2:04 p.m. — A Tech officer arrested a student for possession of a controlled substance following an investigation in reference to possible drug possession at Horn Residence Hall. The student was transported to the Lubbock County Jail. 5:35 p.m. — A Tech officer investigated a traffic accident without injuries in the R-7 parking lot. 8:33 p.m. — A Tech officer investigated a burglary of a motor vehicle in the C-1 parking lot. After the driver’s side window was
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“As the rules and administration chairman, I got to sit and see a lot of things that were negative last year and prior years,” he said. “I really think we’ve overcome a lot of obstacles while making a lot of headway, especially in the areas of our PR and our outreach in organizations.” This year also marked the beginning of SGA Week, which Berger said she hopes will be an ongoing tradition. Because of the
success of the week, she said next semester SGA will plan an SGA Day. “I think this semester we definitely increased our visibility,” Berger said. “I hope that if any student were still to wonder what SGA does or who we are that it is very easy for them to find out because we are very available and active in the community of Texas Tech.” ➤➤email@example.com
Solemn events to mark JFK’s assassination
POLICE BLOTTER Wednesday 9:59 a.m. — A Texas Tech officer investigated a theft on the east bicycle rack of Coleman Residence Hall. A BMX bicycle was taken. 1:05 p.m. — A Tech officer investigated a traffic accident without injuries in which an unattended vehicle was struck in the C-1 parking lot. 1:19 p.m. — A Tech officer investigated a traffic accident without injuries in which an unattended vehicle was struck in the C-11 parking lot.
SGA. He said the organization is doing a phenomenal job in hearing what Tech students have to say, as well as communicating back. Among all of the resolutions the Senate has produced this semester, Tomlin said he thinks the internal work produced has been positive and for the benefit of SGA. He said not only will it benefit the senators and SGA as a whole this year, but also for years to come.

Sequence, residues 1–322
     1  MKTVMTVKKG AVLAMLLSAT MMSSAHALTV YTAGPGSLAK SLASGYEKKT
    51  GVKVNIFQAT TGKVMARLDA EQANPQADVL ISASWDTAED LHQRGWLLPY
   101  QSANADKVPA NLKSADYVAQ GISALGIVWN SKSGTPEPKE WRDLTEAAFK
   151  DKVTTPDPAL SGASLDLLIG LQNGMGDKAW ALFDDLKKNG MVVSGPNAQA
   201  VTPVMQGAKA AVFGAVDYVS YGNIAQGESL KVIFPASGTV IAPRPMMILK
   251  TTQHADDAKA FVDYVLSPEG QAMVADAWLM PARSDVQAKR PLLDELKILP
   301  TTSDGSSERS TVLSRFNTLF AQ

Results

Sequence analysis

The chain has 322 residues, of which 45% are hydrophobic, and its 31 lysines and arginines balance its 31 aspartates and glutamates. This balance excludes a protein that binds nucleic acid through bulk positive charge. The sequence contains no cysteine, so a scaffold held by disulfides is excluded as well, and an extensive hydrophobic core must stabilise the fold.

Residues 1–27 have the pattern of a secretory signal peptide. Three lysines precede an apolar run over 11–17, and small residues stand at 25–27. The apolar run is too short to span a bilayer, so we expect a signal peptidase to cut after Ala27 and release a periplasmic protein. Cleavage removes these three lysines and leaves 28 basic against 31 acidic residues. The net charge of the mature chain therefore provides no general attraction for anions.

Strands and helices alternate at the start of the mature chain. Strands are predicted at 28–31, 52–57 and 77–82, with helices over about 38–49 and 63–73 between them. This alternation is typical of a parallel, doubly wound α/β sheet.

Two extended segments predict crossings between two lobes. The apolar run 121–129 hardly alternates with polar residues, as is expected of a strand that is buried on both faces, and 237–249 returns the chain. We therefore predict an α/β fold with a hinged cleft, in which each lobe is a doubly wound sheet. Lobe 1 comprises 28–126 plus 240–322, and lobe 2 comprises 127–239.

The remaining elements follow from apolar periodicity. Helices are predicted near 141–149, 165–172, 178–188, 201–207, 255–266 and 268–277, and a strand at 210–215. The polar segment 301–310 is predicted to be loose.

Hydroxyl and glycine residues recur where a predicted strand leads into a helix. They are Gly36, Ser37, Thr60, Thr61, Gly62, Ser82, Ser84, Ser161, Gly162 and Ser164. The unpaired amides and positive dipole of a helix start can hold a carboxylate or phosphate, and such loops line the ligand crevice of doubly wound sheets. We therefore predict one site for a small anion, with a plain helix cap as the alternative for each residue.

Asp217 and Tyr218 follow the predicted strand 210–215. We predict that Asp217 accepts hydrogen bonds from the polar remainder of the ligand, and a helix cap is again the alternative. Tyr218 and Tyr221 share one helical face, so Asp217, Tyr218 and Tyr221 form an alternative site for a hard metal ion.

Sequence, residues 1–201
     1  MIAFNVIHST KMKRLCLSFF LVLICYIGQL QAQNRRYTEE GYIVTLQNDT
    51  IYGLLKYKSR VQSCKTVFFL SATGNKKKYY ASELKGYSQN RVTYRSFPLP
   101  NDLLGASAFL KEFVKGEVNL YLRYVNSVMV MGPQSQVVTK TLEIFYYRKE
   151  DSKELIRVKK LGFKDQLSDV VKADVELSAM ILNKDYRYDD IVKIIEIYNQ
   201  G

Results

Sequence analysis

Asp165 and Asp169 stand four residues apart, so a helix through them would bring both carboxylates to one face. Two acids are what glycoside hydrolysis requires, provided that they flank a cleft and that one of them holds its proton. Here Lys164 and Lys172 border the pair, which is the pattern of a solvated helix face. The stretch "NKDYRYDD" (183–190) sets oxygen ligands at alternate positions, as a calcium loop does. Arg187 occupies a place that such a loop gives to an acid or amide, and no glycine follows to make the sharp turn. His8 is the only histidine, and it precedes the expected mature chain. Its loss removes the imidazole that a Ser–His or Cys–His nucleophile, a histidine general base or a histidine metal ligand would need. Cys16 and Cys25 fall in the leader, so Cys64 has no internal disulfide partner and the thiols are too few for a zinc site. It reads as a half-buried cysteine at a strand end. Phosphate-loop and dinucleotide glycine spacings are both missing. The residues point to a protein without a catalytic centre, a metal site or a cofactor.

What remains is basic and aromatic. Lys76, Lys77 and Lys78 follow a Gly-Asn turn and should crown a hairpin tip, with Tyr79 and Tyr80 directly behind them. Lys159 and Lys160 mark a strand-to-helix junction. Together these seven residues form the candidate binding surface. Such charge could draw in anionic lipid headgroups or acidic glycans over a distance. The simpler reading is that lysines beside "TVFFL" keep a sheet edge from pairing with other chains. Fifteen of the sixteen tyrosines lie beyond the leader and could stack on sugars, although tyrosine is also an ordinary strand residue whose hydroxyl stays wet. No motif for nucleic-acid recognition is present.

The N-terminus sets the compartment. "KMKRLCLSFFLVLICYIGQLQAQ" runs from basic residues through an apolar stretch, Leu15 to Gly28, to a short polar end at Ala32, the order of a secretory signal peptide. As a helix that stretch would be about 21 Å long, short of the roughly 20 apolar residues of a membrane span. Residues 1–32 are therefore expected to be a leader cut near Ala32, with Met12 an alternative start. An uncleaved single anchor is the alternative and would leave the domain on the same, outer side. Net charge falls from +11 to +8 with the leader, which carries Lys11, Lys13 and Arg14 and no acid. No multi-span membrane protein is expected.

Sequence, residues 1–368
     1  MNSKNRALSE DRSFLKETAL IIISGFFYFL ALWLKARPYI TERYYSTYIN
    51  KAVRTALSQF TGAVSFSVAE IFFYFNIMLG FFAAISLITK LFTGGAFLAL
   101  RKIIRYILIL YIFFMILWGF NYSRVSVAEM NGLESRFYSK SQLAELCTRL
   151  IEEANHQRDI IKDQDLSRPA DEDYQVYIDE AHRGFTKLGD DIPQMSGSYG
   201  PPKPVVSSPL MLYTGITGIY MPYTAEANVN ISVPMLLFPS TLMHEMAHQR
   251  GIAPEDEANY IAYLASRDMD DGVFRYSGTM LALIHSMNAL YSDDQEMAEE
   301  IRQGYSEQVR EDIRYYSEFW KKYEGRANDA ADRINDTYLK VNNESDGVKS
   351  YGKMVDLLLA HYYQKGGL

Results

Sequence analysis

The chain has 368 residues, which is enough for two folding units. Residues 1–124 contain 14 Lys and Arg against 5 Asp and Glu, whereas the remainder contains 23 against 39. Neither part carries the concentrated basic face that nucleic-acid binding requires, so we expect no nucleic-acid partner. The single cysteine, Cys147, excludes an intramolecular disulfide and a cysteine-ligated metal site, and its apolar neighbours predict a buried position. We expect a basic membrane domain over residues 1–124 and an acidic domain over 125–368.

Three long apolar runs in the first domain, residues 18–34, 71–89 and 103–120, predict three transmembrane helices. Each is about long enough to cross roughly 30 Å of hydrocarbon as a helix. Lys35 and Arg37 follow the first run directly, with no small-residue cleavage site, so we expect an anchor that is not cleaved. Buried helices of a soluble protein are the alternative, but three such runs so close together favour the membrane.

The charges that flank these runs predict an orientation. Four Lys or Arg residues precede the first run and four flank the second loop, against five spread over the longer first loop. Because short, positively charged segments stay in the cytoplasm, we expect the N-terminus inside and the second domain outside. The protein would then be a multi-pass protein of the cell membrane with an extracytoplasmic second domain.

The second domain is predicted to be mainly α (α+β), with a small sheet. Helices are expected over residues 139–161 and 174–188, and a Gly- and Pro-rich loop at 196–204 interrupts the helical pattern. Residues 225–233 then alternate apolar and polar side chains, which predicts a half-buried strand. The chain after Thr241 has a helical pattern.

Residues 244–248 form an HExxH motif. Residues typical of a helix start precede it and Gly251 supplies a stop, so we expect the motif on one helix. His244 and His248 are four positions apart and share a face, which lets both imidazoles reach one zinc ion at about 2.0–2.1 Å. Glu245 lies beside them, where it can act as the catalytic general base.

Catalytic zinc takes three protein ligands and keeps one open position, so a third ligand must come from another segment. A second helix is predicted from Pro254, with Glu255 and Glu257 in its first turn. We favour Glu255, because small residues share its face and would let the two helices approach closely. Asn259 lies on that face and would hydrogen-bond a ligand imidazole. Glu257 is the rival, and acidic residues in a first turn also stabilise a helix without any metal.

broken, someone rummaged through the vehicle, but left without stealing any items. 9:18 p.m. — A Tech officer investigated a burglary of a motor vehicle in the R-15 parking lot. A parking pass was stolen from the vehicle after the driver’s side window was broken. 11:01 p.m. — A Tech officer investigated a traffic accident without injuries in the 400 block of Tech Parkway. 11:27 p.m. — A Tech officer arrested a student for possession of marijuana following a traffic stop in the 1800 block of Boston Ave. A student passenger was issued a Lubbock County citation for possession of drug paraphernalia and released. The student was transported to the Lubbock County Jail. The vehicle was released to a passenger. Thursday 1:28 a.m. — A Tech officer investigated criminal mischief at Hulen Residence Hall. The front side of a Powerade machine was damaged. Information provided by B.J. Watson of the Texas Tech Police Department.
DALLAS (AP) — Loose gatherings of the curious and conspiracyminded at Dallas’ Dealey Plaza have marked past anniversaries of the assassination of President John F. Kennedy, featuring everything from makeshift memorials to marching drummers to discussions about who else might have been in on the killing. But in the place where the president’s motorcade passed through and shots rang out on Nov. 22, 1963, a solemn ceremony on the 50th anniversary of his death designed to avoid such distractions will include brief remarks by the mayor and the tolling of church bells. It’s an approach that will be mirrored Friday in Boston, where the JFK Library and Museum will open a small exhibit of never-beforedisplayed items from Kennedy’s state funeral and host a musical tribute that will be closed to the public, and in Washington, where President Barack Obama will meet privately at the White House with leaders and volunteers from the Kennedyestablished Peace Corps program. “It’s 50 years later and it’s also a moment to look forward to the future,” said Thomas Putnam, executive director of the library, which usually doesn’t observe the anni-
NEW YORK (AP) — Technology experts say healing what ails the Healthcare.gov website will be a tougher task than the Obama administration acknowledges. “It’s going to cost a lot of tax dollars to get this done,” says Bill Curtis, senior vice president and chief scientist at CAST, a French software analysis company with offices in the U.S. Curtis says programmers and sys-